HellKorn's Mangatake a look at HellKorn's Anime
|Nausicaä of the Valley of the Wind (manga)||Masterpiece|
|Nijigahara Holograph (manga)||Masterpiece|
|Ping Pong (manga)||Masterpiece|
I hesitate to call this a sports manga, because that will inevitability be taken by some as a mindless shounen series series that's just an excuse to show off ridiculous acrobatics and little regard for proper characterization past the first volume or two. Yet that is what Ping Pong is: a sports manga.
But it should be kept in mind that Ping Pong is not a series aimed at the Weekly Shounen Jump mindset. No, its audience is older and aspirations higher. What readers are treated to is one of the most kinetic, believable and exciting sports stories in fiction.
The action is very impressionistic, but that is for its benefit: ping pong is, after all, an incredibly fast sport. Panels are littered across the pages with snapshots of a match, and not only do they maintain clarity, but you feel them. Taiyo Matsumoto's worst-kept secret is his astounding artistic abilities, and because of this he makes no attempt to hide just how invigorating and pulse-pounding the sport of ping pong truly is.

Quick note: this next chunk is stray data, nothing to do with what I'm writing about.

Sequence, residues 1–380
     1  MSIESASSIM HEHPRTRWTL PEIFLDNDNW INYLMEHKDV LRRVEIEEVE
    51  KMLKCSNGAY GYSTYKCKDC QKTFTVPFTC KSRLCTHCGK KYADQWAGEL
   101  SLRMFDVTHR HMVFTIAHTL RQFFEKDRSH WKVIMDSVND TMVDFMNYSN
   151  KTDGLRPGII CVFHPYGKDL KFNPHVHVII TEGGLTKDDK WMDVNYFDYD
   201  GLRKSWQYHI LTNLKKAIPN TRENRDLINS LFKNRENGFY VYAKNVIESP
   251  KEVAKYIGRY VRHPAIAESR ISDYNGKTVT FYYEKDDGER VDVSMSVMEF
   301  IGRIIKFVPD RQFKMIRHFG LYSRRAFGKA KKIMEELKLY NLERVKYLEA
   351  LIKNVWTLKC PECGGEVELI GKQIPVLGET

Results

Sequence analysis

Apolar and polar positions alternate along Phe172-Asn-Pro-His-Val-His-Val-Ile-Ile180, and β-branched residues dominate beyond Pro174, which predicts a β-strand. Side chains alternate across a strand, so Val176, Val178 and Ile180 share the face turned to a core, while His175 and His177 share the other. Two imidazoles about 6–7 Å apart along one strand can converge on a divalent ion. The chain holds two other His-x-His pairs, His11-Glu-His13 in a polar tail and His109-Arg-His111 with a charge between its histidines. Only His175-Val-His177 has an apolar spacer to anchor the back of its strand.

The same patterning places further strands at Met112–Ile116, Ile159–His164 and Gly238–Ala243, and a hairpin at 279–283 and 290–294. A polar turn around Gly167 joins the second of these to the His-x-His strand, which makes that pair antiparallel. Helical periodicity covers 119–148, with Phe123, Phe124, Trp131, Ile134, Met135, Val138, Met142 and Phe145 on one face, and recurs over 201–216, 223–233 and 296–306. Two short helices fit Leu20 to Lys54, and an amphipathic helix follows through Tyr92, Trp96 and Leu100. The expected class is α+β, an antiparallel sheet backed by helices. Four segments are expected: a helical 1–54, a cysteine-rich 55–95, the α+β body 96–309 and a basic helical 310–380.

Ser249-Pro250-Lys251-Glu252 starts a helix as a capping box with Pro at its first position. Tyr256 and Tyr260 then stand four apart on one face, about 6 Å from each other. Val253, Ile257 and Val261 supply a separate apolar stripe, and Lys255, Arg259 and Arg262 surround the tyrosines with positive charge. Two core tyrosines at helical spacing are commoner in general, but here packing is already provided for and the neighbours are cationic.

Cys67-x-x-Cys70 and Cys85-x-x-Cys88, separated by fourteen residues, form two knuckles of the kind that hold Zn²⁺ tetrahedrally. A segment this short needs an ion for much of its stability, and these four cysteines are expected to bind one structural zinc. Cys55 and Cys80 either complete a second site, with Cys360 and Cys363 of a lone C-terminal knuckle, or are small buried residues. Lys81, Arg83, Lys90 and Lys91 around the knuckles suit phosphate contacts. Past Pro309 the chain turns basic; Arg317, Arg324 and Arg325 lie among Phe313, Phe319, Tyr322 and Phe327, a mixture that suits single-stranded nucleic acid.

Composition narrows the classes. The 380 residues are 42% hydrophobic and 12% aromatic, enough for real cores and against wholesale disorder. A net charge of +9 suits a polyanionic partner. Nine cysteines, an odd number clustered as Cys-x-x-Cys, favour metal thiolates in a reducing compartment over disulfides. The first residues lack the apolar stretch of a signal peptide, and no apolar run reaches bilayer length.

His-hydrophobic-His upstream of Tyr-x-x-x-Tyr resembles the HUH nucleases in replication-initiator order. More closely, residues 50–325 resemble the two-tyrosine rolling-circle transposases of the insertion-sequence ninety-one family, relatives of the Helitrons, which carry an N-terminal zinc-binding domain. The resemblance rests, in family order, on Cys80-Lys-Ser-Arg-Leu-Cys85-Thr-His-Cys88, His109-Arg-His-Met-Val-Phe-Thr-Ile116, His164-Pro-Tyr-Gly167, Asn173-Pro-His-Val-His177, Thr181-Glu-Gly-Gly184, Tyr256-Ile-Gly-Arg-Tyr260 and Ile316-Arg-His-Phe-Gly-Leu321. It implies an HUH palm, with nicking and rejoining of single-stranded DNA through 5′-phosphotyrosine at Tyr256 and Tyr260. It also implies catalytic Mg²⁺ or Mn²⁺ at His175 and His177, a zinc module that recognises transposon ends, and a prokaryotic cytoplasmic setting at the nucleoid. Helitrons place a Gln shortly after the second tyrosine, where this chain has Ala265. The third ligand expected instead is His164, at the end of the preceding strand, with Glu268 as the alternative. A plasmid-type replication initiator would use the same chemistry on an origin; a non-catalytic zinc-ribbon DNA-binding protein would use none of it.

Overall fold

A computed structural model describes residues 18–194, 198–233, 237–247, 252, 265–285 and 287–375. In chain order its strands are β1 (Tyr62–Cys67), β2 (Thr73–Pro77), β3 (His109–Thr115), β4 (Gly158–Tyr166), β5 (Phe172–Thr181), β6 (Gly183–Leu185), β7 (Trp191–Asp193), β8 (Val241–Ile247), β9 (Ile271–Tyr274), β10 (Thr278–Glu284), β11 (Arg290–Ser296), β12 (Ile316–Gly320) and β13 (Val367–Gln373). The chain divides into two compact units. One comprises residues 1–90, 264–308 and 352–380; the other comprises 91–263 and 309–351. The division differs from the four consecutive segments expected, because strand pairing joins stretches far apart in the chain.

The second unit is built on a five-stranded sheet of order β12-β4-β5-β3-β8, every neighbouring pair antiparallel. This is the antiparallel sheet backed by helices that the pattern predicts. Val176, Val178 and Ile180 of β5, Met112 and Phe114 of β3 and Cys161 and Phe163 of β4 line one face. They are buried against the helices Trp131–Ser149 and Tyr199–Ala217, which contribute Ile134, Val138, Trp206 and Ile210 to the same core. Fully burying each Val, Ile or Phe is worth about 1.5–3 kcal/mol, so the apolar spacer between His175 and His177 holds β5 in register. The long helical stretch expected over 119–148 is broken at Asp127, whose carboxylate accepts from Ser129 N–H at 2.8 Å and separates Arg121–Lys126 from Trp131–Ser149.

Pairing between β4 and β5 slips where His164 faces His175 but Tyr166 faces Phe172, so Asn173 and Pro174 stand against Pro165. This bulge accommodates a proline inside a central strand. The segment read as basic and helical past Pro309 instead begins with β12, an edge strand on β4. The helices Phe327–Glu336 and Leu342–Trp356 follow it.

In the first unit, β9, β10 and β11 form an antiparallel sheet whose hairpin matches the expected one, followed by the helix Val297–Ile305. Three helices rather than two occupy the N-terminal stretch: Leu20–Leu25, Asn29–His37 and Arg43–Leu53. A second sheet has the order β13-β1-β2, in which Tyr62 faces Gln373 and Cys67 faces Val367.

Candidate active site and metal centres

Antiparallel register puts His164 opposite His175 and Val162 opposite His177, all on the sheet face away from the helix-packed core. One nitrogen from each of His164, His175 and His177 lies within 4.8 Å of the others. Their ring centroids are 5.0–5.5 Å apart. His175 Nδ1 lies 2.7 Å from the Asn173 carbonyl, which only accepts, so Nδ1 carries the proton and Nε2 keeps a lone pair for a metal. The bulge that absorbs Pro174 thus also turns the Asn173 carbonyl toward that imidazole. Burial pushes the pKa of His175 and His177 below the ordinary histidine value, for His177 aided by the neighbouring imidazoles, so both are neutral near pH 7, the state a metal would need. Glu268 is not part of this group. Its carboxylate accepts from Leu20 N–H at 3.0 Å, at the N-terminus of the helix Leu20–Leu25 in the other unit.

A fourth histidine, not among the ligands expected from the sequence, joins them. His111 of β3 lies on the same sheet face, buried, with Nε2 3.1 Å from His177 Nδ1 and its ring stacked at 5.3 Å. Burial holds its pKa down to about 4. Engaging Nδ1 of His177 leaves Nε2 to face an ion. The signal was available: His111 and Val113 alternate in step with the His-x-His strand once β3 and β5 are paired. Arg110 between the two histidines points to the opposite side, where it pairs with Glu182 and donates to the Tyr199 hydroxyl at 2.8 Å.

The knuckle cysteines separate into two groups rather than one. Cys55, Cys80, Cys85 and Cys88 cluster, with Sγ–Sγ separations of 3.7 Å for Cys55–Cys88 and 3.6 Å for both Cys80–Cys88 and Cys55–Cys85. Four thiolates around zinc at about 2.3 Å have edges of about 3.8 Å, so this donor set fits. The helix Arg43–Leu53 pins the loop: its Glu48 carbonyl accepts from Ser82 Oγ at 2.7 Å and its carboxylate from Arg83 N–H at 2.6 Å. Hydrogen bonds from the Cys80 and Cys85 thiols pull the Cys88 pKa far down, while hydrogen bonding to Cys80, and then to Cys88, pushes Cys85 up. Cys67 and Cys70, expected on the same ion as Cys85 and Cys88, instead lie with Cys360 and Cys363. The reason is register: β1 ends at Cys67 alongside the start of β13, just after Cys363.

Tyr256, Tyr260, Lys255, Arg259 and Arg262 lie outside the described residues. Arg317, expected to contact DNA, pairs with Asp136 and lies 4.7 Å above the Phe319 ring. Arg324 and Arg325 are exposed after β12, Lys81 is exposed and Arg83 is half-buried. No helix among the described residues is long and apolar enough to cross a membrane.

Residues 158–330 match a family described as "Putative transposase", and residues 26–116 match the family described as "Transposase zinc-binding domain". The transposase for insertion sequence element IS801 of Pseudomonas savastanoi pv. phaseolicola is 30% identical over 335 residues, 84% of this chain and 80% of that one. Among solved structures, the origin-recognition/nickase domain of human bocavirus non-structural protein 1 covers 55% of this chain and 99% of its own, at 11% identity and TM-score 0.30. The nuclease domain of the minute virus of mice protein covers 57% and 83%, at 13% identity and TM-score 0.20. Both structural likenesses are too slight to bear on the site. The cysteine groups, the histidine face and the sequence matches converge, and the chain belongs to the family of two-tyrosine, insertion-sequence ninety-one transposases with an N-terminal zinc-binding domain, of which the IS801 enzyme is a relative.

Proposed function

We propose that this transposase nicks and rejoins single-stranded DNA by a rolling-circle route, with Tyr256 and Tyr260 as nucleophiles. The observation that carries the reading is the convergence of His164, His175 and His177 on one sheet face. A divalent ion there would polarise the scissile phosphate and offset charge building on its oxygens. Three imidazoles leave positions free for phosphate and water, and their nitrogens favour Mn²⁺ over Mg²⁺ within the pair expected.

Even so, the manga wouldn't be as half as compelling were it not for the characters. Again, no exaggerations and cop-outs here; Matsumoto creates characters as plausible as the games themselves. In fact, he uses stock scenarios to his advantage, and develops a story that progresses with the characters: starting out with potential, yet somewhat aimless, gradually growing into stern focus and conviction.
Ping Pong isn't my favorite work by Taiyo Matsumoto -- the exuberance of Hanaotoko and the fantastical nature ofTekkon Kinkreet appeal more to my sense of aesthetics -- but that it is an accomplished work by a master also means it is far above most comics out there. Absolutely recommended.
|(The) World is Mine (manga)||Masterpiece|
|Yokohama Kaidashi Kikou (manga)||Masterpiece|